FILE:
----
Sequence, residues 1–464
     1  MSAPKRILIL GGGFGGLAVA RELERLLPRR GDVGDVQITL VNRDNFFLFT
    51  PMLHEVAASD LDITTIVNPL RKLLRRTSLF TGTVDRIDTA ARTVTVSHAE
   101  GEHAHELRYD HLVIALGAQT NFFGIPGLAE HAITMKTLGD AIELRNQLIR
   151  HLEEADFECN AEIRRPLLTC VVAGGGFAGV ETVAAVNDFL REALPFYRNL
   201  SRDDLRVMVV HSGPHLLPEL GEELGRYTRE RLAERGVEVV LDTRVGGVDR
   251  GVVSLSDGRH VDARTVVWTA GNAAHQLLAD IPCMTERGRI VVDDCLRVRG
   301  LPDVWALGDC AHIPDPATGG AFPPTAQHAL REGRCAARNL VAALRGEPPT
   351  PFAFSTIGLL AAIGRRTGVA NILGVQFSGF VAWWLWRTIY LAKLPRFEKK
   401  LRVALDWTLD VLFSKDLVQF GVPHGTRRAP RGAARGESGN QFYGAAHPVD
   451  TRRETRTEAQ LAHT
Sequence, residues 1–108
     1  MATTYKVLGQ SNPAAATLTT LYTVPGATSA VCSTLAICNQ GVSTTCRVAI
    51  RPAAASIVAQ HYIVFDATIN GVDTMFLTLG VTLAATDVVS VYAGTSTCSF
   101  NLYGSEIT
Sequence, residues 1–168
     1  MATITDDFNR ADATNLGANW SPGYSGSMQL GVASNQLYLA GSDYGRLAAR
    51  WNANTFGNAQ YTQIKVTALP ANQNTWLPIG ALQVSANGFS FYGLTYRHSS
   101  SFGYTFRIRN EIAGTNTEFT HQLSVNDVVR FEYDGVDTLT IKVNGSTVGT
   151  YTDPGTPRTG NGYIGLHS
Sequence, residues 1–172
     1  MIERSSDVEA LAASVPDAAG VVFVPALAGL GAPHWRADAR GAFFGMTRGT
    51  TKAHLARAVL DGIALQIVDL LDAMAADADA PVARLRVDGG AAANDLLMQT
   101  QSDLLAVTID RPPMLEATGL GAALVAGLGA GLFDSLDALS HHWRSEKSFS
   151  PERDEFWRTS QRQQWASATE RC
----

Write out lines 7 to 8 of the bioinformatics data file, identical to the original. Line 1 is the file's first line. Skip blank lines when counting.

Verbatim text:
   251  GVVSLSDGRH VDARTVVWTA GNAAHQLLAD IPCMTERGRI VVDDCLRVRG
   301  LPDVWALGDC AHIPDPATGG AFPPTAQHAL REGRCAARNL VAALRGEPPT